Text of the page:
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Salesforce, Google Head for 2nd on Apps

SANTA CLARA, Calif. -- The partnership between Google and Salesforce.com took another step forward with the announcement here that developers writing applications on the Force.com platform can now leverage Google APIs within their applications.

Previously, this had not been possible because the two systems, Force.com and Google APIs, could not communicate directly -- so a third-party server was needed to synchronize the data. The third party would pull data from one and push to the other, Marc Benioff, CEO of Salesforce.com (NYSE: CRM), explained.

With the new, direct connection between the two, developers will be able to bring together data and content in Google Apps with the database, logic and workflow capabilities in Force.com, updating the content of Salesforce.com applications in real time.

"We see this as step one of our total vision of our Force.com platform and all of the things [Google] are working on," Benioff told the crowd at a developer conference here.

Vic Gundotra, vice president of engineering at Google (NASDAQ: GOOG), painted the news as a victory for Software as a Service (SaaS) plays.

"Google also believes in this vision of SaaS," he told the crowd. "Both Salesforce.com and Google were born on the Web, we're native Web speakers, so we believe in this architecture model of delivering value to customers."

The two companies already have a lengthy relationship, going back several years. Most recently, they announced plans to offer Google Apps to Salesforce.com customers so customers "don't have to be installing more software," Benioff said at the time.

"Our work with Salesforce.com will help make cloud computing increasingly accessible and powerful for developers, resulting in better Web applications and experiences," Gundotra told InternetNews.com.

The metadata APIs from Google Apps means you can read the APIs directly from Google and Salesforce servers into your own developer tools, most notably Eclipse.

During his presentation at the developer conference, Benioff showed a demo in which all of the Google definitions, such as its calendar, could be read into the Eclipse IDE and then used to build Force.com apps.

The Google data APIs are built on top of the Atom publishing protocol, a more modern version of the RSS protocol used to syndicate newsfeeds.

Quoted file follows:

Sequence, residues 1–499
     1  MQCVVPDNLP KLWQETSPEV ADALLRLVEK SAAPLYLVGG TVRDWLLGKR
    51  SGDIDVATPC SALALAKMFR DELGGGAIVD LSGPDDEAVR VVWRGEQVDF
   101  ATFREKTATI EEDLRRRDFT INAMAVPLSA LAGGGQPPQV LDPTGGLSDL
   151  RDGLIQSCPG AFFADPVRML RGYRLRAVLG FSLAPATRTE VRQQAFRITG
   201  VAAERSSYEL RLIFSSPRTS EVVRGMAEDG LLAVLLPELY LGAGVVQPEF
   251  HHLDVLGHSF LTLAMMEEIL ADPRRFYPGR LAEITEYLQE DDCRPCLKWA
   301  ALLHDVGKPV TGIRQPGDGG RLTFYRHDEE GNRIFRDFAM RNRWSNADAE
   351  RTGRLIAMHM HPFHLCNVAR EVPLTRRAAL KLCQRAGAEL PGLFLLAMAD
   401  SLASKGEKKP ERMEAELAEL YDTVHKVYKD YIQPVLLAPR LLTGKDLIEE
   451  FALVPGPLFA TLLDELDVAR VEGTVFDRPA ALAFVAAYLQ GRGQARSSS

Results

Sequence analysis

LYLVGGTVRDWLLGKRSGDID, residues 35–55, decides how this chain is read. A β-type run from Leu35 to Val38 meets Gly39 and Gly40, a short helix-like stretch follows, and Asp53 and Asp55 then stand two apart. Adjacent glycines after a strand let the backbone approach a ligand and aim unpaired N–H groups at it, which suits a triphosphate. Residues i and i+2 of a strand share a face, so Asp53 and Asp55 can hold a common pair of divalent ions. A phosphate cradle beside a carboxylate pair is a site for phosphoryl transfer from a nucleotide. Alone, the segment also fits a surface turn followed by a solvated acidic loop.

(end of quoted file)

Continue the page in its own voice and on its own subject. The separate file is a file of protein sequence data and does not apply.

Using them, developers will be able to access Google Data APIs directly from Salesforce.com's APEX programming language, Ariel Kelman, senior director of platform product marketing at Salesforce.com, told InternetNews.com.

"Part of why we do this is that six out of the top ten applications on AppExchange bring together Force.com and Google," Kelman added. AppExchange is Salesforce.com's directory.

CODA, one of Europe's leading financial applications providers, was present to show off its Web application prototype, CODA 2go, a financial invoicing application built on Force.com and Google Spreadsheets. All invoicing in the app is done in Google's spreadsheets and then translated to Salesforce.com CRM. An invoice can then be generated, which could be printed and sent to the customer.

Jeremy Roche, CEO of the firm, told the crowd that using Salesforce with Google Apps saved him two years and untold dollars over doing the job on his own.

"We wanted to do for accounting what Salesforce did for CRM ... but we needed two years to build it," he said. "We wanted to get to market with a product, not spend years of our lives on infrastructure. So the alternative was to do a deal with Salesforce and borrow their platform."

However, the news doesn't mean Salesforce will restrict itself to working only with Google.

In the future, Salesforce expects developers to be able to pick from a wide array of cloud computing platforms to create applications that leverage the best services available, Kelman said.

"We'll have other things coming down in the future," he said.

Such developments may also make it more appealing for enterprises to work closely with Google, according to Rick German, CEO of Stoneware, which has integrated Salesforce.com's applications into its virtual Web desktop, webOS.

"We see hosted applications as a new application the enterprise will be responsible for delivering, because it simplifies management for both Google and the enterprise," German told InternetNews.com.

"An end user can log in to his company and hook up to Google Apps through that, and the company doesn't have to be concerned about their going to Google Apps from the outside," he said. "Meanwhile, Google will see him as a trusted user without having to re-authorize him."

The Force.com Toolkit for Google Data APIs is available as a free download from both Salesforce and Google. Applications can be published on either the Google section of AppExchange or on the search engine's Solutions Marketplace.

Benioff today also announced that Force.com would introduce a feature to help sell natively third-party apps written on Force.com as though they were Salesforce applications.

He said that enhancement, dubbed Checkout, would be introduced at the company's Dreamforce conference in November.